Member: Seasoned Veteran
  • Posts

  • Joined

  • Last visited

  • Days Won


Everything posted by RWB

  1. Quiet Willie and the Admiral look a lot alike .... (I'm kidding about the Walloon-Balloon, Quiet Willie and other stuff, but to be serious for a moment --- Leeg's research and content on classic commemoratives is so much more interesting, integrated and authoritative, that I have difficulty understanding why Whitman, or another deep pocket publisher hasn't jumped on the project.)
  2. They have false information, speculation and ignorance in common.
  3. Exchange, sale, purchase and other distribution of pattern/experimental pieces was commonplace during the 19th century. The Newlin exchanges during 1885-1886 merely happens to be clearer than most. The last attempt to confiscate pattern/experimental pieces was in 1910 by Director Andrew. It failed, as have all others. The difficulty is that many patterns were legitimately sold on authority of the Mint Director - an authority which he/she possessed. Further, none of them were coins - the design or composition not having been legally adopted. Pieces given to members of Congress or others, but not accompanied by a return order, were considered nominal gifts of valueless chattel. That is, the US Mint/Treasury had to establish that it was retaining all ownership in the pieces. A more recent circumstance reinforces this. At several of the Annual Mint Conferences held in Washington and Philadelphia, the Mint and/or BEP have given - free and clear - sample planchets, autographed currency and other items to participants. There was no accompanying statement retaining ownership, so the items were legal gifts. Decisions precluding items called patterns or experimental pieces from being confiscated date from the Linderman auction and Director Kimball's attempt to seize certain pieces as being illegal off-metal items. The US Attorney disagreed with Kimball's arguments and the pieces were allowed to be retained by Linderman's Estate. Andrew's 1910 attempt, which included a "sting" operation, failed for similar reasons and affirmed that "once the horse was out of the barn, it was free." A parallel conclusion was reached in regard to US gold coins that had not been subject to distribution by common means. Treasury counsel determined, with support from Mr. Tripp and myself, that if any record or any kind existed showing even one piece had been released on authority of the Treasurer or other Official (including the Director), then all such pieces were deemed legitimate. DE of 1933 were the only coins for which no release record could be found. (The Farouk export license could have been argued as applying. This was explained.)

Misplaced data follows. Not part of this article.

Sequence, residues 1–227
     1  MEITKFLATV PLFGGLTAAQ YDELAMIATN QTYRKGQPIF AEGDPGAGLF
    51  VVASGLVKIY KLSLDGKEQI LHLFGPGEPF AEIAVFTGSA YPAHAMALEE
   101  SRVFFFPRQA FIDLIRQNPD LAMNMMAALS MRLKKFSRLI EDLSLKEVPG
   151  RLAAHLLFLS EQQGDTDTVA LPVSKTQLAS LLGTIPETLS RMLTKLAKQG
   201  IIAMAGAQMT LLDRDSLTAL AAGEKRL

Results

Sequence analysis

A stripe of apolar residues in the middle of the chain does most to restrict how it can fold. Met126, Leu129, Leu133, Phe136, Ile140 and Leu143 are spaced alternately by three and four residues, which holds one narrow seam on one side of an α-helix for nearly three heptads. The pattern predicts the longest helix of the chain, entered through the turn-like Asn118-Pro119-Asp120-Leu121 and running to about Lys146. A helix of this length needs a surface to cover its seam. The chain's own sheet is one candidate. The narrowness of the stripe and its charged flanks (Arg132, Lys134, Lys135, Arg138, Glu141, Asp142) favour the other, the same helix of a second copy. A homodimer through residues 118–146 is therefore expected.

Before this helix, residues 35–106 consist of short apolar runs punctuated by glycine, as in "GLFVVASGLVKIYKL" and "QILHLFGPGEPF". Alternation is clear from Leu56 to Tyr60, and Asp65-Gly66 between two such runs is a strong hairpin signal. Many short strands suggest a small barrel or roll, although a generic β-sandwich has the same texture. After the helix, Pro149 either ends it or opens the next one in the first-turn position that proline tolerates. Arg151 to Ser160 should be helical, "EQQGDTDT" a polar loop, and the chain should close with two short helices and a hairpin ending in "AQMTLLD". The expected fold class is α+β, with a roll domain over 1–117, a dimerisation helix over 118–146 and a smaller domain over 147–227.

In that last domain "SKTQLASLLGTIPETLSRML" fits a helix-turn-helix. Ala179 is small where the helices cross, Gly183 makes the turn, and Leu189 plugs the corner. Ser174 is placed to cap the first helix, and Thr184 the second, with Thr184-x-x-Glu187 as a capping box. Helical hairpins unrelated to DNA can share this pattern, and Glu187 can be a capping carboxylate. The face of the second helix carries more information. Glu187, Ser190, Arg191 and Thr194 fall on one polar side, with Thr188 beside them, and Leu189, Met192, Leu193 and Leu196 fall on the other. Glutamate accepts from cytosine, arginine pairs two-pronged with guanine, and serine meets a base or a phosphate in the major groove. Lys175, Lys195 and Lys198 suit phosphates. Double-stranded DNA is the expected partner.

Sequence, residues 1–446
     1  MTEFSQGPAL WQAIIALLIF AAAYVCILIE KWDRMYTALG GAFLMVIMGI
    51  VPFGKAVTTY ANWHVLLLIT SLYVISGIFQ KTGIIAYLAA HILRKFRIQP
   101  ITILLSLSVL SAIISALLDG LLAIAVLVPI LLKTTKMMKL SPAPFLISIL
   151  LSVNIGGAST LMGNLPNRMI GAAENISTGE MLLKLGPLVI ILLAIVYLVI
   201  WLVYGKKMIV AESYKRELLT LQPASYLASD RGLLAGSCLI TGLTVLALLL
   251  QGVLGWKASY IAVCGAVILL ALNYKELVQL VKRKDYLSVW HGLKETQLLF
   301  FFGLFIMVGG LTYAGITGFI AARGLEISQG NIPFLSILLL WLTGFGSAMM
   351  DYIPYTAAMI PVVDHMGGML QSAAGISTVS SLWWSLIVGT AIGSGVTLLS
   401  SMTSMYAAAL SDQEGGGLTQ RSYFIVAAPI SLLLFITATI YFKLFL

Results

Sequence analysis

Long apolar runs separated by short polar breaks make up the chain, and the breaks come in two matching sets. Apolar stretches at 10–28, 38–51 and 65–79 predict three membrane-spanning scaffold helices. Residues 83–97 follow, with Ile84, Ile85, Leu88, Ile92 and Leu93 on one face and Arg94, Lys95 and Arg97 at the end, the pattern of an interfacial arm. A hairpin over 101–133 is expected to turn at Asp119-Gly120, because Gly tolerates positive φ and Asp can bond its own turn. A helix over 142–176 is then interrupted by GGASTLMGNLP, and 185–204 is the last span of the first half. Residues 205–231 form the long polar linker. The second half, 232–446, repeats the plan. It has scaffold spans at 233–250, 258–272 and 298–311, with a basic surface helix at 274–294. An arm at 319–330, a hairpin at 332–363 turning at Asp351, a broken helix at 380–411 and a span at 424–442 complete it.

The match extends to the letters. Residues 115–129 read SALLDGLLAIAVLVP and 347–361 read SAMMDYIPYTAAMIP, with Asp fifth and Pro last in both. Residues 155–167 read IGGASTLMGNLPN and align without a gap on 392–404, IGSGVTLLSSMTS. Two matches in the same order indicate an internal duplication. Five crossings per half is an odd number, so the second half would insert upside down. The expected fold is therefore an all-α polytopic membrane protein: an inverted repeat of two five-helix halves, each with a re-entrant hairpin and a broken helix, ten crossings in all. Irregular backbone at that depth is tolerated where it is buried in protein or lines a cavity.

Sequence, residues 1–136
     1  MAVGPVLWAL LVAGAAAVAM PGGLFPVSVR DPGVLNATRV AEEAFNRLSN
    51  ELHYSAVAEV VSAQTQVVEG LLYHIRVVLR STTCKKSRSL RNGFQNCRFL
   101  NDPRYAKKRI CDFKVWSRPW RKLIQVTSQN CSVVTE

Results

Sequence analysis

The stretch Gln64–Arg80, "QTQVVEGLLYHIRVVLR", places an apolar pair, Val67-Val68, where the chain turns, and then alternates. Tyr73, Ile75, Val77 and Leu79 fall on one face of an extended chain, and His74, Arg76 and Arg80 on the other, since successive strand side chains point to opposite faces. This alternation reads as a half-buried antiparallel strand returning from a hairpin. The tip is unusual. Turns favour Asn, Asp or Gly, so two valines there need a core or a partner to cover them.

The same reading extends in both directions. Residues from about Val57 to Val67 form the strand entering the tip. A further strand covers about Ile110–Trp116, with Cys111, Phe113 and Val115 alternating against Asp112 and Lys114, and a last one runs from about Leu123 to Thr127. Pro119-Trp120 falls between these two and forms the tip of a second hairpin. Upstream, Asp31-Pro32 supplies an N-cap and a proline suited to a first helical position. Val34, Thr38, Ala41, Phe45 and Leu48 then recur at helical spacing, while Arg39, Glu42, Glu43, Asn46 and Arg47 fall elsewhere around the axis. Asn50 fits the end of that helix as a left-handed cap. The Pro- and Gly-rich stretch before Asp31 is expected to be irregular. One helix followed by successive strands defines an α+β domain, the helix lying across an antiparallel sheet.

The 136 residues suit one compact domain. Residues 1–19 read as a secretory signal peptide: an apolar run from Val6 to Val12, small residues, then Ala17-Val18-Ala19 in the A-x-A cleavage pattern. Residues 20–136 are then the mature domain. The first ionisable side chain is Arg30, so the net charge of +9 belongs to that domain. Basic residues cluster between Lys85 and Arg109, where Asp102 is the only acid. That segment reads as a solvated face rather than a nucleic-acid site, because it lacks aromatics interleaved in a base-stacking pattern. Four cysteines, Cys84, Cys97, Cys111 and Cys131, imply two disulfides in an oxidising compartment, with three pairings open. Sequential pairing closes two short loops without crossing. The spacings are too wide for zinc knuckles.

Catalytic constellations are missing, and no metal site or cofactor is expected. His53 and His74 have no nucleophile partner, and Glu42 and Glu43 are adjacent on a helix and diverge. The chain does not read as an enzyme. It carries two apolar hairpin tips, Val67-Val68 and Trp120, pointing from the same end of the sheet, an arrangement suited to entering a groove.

4. If you place your coin at the mean distance of the moon, 382,500 kilometers, it will then be just as easy to photograph. Little labels could then be added as on the composite lunar photo.
  5. Here's a record of exchanges of pattern pieces between H.P. Newlin and the Mint Cabinet of Coins. Thought it might be of general interest.
  6. This is a larger local coin bourse, and occasionally features some especially good deals. You can also get an intro to the Northern Virginia Coin Club which has quickly become one of the premier clubs in the region (along with the Montgomery County Coin Club).
  7. This is the original of William the Silent. The painter did a little retouching. His half-brother was Gabriel the Gabby.
  8. The CW and other articles have the same problems as trying to discuss the 1933 DE - speculation, innuendo, confusion and misinformation - combined with a generous amount of ignorance on how the U.S. Mint operated in 1933. Again, not permitted to explain by the court. No one at the Treasury knew how the place was run back then - they did not keep their own records - and no amount of research over a few months could have possibly revealed what I was prepared to present and support with data. This would have effectively precluded any meaningful questions by Treasury counsel, so the Court prohibited any mention of reality, and sustained Treasury objection when we attempted to introduce it. Now let's just drop the subject because the horse is long dead, chopped into dog food, and pooped along the roadside.
  9. Collars have to be trained -- just like collies, lawyers and other service animals.
  10. A stained and tarnished quarter. None of the "...double reverse and ive [sic] seen double date after 67 seens [sic] like 32, and double eagle..." claimed are present. Worth 25-cents.